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Facultative lagoon

Facultative lagoons are a type of stabilization pond used for biological treatment of industrial and domestic wastewater. Sewage or organic waste from food or fiber processing may be catabolized in a system of constructed ponds where adequate space is available to provide an average waste retention time exceeding a month. A series of ponds prevents mixing of untreated waste with treated wastewater and allows better control of waste residence time for uniform treatment efficiency.

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Facultative lagoon in Kenya.

First pond

The facultative lagoon in the pond sequence functions like the primary clarifier of a conventional sewage treatment system. Heavy solids will settle to the bottom of the lagoon, and lighter solids will float. This facultative lagoon lacks the sludge removal capability of a primary clarifier, so a population of anaerobic organisms will colonize accumulated sludge on the bottom of the lagoon. The surface area of the lagoon should be large enough to provide an atmospheric oxygen transfer rate adequate to prevent anaerobic conditions on the lagoon surface. Intermediate depths of the lagoon support facultative micro-organisms capable of oxidizing both the dissolved and suspended organics from the original wastewater and the products of anaerobic catabolism on the bottom of the lagoon.[1]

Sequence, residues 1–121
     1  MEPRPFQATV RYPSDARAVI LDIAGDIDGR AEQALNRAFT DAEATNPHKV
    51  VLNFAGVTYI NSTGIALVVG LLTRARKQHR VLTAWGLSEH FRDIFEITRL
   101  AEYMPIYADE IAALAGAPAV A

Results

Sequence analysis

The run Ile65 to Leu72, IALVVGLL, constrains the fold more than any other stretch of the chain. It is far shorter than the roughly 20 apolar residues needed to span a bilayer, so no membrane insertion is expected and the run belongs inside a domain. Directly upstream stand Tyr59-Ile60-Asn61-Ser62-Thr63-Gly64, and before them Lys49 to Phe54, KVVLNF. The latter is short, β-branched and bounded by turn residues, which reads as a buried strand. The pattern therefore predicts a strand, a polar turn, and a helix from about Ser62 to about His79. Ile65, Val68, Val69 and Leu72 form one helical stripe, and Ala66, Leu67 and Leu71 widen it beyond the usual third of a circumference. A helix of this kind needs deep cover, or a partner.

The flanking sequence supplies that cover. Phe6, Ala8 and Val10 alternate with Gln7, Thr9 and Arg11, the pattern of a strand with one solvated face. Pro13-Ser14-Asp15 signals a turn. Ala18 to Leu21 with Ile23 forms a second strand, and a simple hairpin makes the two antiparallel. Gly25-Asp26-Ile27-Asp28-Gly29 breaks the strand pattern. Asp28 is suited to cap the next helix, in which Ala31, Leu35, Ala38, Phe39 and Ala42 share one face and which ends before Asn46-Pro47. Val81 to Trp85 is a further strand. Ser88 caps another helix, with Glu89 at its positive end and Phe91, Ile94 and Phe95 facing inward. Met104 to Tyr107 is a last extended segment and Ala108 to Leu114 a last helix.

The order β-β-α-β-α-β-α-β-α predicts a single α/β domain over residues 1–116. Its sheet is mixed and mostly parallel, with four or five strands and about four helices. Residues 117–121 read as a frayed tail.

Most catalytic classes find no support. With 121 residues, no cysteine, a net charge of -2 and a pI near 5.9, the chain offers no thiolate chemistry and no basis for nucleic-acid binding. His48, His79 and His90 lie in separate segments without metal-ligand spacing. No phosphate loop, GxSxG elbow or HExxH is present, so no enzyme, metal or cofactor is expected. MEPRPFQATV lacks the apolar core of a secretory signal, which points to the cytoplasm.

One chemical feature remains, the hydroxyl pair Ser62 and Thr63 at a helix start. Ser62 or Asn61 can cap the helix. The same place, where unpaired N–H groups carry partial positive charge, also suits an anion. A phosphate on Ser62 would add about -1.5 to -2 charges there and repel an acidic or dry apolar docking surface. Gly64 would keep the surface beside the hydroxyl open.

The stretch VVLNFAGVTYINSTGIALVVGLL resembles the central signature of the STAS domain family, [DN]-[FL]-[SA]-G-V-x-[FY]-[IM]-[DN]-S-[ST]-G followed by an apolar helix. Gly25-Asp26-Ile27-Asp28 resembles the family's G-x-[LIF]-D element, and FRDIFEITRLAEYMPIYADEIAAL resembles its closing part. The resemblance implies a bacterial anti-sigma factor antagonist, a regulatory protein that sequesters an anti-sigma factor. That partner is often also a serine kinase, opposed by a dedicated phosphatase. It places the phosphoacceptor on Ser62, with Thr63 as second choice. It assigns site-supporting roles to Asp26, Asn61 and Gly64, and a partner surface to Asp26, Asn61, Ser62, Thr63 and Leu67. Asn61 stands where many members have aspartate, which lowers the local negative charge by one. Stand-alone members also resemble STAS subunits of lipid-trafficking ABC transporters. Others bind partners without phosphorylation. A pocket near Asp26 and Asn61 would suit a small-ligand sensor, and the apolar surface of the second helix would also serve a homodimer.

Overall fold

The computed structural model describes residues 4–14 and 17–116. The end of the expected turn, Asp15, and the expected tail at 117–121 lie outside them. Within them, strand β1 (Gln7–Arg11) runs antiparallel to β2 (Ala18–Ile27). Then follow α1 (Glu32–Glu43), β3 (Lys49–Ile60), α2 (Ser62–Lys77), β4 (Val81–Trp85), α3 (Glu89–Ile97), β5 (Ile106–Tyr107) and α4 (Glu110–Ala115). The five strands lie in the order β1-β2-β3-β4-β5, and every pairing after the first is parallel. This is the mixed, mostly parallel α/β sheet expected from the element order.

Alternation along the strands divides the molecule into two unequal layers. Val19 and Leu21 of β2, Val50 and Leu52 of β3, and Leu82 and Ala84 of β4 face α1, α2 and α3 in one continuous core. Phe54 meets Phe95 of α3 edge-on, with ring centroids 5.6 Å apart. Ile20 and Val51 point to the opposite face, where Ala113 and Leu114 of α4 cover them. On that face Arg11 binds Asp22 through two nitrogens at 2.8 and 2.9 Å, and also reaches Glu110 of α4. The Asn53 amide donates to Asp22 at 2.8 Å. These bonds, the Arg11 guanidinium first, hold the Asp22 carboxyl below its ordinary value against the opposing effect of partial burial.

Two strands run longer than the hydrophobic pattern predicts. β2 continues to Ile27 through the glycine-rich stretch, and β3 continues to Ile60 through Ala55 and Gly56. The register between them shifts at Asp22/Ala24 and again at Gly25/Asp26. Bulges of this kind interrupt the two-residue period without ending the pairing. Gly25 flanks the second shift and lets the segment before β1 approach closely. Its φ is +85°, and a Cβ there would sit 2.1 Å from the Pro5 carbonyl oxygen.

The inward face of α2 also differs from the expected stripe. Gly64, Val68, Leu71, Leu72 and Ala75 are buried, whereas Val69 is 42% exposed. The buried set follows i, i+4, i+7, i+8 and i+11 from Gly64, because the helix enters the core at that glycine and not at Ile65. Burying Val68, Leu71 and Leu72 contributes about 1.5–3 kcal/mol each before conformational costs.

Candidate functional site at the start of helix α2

Subsequent polishing ponds

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Facultative lagoon (polishing pond) providing tertiary treatment after a constructed wetland in Hamburg-Allermöhe, Germany

Overflow from the facultative lagoon may be routed through one or more polishing ponds supporting lower populations of anaerobic micro-organisms and a higher proportion of aerobic organisms adapted to survival in lower concentrations of organic material. Effluent from the final polishing pond may be suitable for discharge to natural receiving waters.[2]

Oxygen transfer

Objectionable odors are likely when the rate of oxygen transfer from the lagoon surface is less than the rate of oxygen consumption in the lower levels of the lagoon. A Script error: No such module "convert". facultative lagoon might provide 50 pounds of oxygen per day (5 grams of oxygen per square meter per day) for biochemical catabolism. Biological activity within a facultative lagoon varies directly with temperature. Warm weather will require large oxygen transfer rates, and waste accumulation during cold weather can cause short-term warm weather oxygen requirements to exceed long-term waste loading rates.[2] Algae can provide surface oxygen during daylight hours, but algal respiration can require additional oxygen during darkness.[3] Ice or scum mats can reduce the oxygen transfer surface. Some facultative lagoons use mechanical surface aerators to increase atmospheric oxygen transfer, but aerator mixing depth should not re-suspend anaerobic sludge from the bottom of the lagoon. Aerator operation may be limited to periods of heavy waste loads, high temperatures, darkness, low wind velocity, or other conditions threatening to cause anaerobic conditions on the lagoon surface.[1]

Minimum temperature